Q U E E N S L A N D B A L L E T
Score by Piotr Ilyich Tchaikovsky (arr. Christopher van Tuinen)
With the Queensland Symphony Orchestra
12 December 2011
When this production ended the 2008 Queensland Ballet season I described it as, “An extraordinarily emotional and sumptuous production”.
All I can do is repeat the words - and add that during the three years that have passed the dancers who repeated their roles had that extra edge of performance skill.
François Klaus’s interpretation of Swan Lake is set in 19th century Russia. He adapted the true facts of the love affair between prima ballerina Mathilde Kschessinska and the young prince Nicholas, who was destined to become the last Tsar of Russia, and wove them into the Swan Lake story.
The tale is told through the eyes of Kschessinska. It begins in a studio in Paris where she made her living as a revered teacher of dance after her stage career was over. She reminisces and the story unfolds until the epilogue when she is back in her studio with a student and the story ends as it began.
The drama of the ill-fated love of Odette for Siegfried was transferred to the prince and the dancer, and so, to keep the traditional second act intact, Nicholas sat on a chair and watched Kschessinska as she danced Odette.
Instead of the sorcerer Rothbart being the villain in the main plotline it was the charismatic monk Rasputin. He was the one who used his charm to help Alexandra steal Nicholas away from Kschessinska by persuading her to pretend to be Kschessinska by dressing in a black swan costume.
In 2008, Clare Morehen, in the roles of Kschessinska, and Odette in Act two, was a newly promoted soloist. She is now a principal dancer and, where she was impressive last time, on the opening night of this new production she was superb.
She danced with supreme confidence and was absolutely at the peak of performance and never missed a beat with her dance or in her acting. She was an absolute joy to watch.
Since 2008, Keian Langdon, who danced the difficult role of Rasputin, has been promoted to Principal Dancer and in this production he showed us why. He is a tremendously strong dancer with a great fluidity in movement and his acting was excellent too as he imbued the monk with sheer evil and a perpetual air of menace.
He transferred this menace to the role to Rothbart in the traditional Petipa-choreographed Act Two of Swan Lake. This was one for the purists with tutus galore, magical footwork, and the immensely popular Dance of the Cygnets. This legendary piece of dance was performed with precision by Tery Crilley, Tamara Hanson, Gemma Pearce and Lina Kim.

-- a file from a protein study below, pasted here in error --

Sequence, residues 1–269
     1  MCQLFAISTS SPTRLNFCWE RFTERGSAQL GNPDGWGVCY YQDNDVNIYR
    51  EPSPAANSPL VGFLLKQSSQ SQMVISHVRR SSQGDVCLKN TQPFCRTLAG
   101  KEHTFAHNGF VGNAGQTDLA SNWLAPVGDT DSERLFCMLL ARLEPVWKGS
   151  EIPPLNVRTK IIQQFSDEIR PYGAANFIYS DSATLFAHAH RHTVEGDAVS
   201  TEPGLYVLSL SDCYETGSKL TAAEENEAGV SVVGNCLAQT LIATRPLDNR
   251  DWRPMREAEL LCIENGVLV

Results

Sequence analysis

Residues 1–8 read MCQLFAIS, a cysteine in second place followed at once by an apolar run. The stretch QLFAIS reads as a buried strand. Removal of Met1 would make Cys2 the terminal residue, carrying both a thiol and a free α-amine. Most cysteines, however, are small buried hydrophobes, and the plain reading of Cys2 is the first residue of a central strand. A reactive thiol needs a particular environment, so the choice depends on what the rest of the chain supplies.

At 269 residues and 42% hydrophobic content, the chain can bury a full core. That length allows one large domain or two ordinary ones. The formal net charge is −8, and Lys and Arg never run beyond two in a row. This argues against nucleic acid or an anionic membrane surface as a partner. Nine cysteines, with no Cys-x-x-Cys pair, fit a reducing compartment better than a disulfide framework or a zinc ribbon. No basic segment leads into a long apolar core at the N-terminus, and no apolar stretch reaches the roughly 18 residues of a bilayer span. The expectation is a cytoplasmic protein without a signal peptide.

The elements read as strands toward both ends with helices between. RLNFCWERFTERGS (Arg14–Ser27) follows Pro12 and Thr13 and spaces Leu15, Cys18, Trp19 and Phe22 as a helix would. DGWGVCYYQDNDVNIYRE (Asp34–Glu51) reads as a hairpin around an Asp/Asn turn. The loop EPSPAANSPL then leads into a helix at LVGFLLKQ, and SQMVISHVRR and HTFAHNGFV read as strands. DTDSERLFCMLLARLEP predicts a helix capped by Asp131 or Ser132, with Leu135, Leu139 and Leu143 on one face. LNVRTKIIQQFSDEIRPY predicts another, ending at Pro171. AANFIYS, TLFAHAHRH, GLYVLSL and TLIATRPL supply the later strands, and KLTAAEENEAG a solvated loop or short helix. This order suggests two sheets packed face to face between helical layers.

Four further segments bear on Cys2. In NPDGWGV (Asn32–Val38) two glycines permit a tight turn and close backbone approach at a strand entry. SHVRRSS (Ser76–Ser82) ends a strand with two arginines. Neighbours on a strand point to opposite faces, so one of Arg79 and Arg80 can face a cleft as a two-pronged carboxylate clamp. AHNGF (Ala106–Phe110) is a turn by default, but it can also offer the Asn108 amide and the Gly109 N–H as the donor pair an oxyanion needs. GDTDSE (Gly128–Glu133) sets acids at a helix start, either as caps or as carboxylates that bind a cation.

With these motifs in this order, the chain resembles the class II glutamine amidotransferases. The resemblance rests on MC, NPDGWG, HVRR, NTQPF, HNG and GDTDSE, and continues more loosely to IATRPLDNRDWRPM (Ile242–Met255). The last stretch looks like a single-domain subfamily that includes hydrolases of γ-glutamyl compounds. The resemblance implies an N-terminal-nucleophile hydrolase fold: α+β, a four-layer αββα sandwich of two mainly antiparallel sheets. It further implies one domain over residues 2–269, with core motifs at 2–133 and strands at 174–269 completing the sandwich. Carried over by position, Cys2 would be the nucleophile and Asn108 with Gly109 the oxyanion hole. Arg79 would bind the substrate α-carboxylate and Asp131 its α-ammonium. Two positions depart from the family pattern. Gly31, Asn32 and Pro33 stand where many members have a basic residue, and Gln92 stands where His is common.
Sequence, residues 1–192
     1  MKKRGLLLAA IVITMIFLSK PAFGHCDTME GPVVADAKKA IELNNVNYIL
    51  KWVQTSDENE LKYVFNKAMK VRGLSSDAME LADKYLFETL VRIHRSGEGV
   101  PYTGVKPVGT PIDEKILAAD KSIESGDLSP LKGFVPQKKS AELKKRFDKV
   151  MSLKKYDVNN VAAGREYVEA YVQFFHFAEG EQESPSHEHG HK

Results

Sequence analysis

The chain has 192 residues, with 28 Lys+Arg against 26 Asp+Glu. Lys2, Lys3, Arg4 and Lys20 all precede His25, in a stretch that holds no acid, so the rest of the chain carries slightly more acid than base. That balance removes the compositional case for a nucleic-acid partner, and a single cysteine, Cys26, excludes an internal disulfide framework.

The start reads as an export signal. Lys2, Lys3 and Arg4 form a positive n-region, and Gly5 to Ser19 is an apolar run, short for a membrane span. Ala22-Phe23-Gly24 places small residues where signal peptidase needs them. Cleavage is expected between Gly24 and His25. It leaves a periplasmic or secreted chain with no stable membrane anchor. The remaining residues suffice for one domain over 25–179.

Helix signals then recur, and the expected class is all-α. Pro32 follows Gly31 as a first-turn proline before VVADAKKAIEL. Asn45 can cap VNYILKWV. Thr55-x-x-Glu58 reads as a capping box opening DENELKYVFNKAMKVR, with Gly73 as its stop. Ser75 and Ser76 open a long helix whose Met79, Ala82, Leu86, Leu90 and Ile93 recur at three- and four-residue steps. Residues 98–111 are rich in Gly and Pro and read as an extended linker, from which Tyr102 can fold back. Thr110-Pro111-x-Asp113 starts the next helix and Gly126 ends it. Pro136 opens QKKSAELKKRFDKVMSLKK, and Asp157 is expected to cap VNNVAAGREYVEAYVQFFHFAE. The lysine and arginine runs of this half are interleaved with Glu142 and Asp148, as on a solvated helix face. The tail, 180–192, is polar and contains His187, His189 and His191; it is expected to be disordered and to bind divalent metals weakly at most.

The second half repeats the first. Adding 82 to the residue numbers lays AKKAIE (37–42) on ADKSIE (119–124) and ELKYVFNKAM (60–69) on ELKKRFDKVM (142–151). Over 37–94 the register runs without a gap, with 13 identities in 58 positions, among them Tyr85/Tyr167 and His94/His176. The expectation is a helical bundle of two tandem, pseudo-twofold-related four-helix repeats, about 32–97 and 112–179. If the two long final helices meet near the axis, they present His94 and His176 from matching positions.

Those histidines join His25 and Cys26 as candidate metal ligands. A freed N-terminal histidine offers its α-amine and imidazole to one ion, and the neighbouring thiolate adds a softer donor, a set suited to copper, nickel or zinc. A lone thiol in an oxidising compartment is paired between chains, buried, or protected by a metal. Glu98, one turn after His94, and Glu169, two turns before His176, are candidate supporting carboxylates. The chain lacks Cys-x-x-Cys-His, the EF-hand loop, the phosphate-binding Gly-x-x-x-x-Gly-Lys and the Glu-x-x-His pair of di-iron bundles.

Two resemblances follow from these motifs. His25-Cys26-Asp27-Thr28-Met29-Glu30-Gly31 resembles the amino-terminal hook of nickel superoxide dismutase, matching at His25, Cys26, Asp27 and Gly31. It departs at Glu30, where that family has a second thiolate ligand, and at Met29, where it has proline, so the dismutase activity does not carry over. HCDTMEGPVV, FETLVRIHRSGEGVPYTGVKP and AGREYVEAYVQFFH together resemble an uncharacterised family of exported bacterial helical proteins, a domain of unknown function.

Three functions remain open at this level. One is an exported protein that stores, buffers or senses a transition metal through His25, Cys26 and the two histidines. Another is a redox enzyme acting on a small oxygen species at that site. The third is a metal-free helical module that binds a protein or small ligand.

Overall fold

The role of Nicholas was danced by new principal Hao Bin. It is a restrained role with a lot of sitting and not too much dancing until the final Black Swan pas de deux. There he danced with Meng Ningning, his long time partner and wife, who danced Alexandra. How beautifully they worked together. The tall wiry Hao Bin showed amazing strength, stamina, and balance as he dominated the stage with Meng Ningning who is one of the most graceful and elegant dancers ever to join the company.
Where there are scenes of emotion and drama there are also scenes of grandeur in the royal palace and light-hearted fun in the Russian café. There Teri Crilley worked with her flashing smile and sheer exuberance as one of the Russian dancers along with Lisa Edwards, Tamara Hanton, Alex Koszarycz, who is starting to make his mark, Robert McMillan, Sarah Thompson, another exuberant young dancer. Guy Wheatstone and Yu Hui. Yu Hui also repeated the role of Dmitri, the friend of Nicholas and showed off his prowess with powerful leaps and balance. He was very popular with the audience.
I did enjoy Kathleen Doody as a Spanish dancer - even when she was not dancing. Her flirtatious teasing of the men at the bar as she swung her long red hair and flaunted her body to taunt was very convincingly. It was difficult, sometimes, to concentrate on the dancers at the front of the stage! She’d make a good Carmen!
The power was there for full impact in Act Four when the end of Imperial Russia and the murder of the Tsar, his wife and five children were acted out with the help of the Zen Zen Zo Physical Theatre actors. I had forgotten how powerful the ending was as the stage was flooded with blood red light and Tchaikovsky’s music thundered in from the Queensland Symphony Orchestra. It was fantastic and one of the most dramatic and effective scenes in the ballet. It was brilliantly lit by David Walters, whose design added so much to the success of the production as did the imaginative sets created by Graham Maclean and the magnificent costumes designed by Noelene Hill.
It is a stunning ballet.
12 December 2011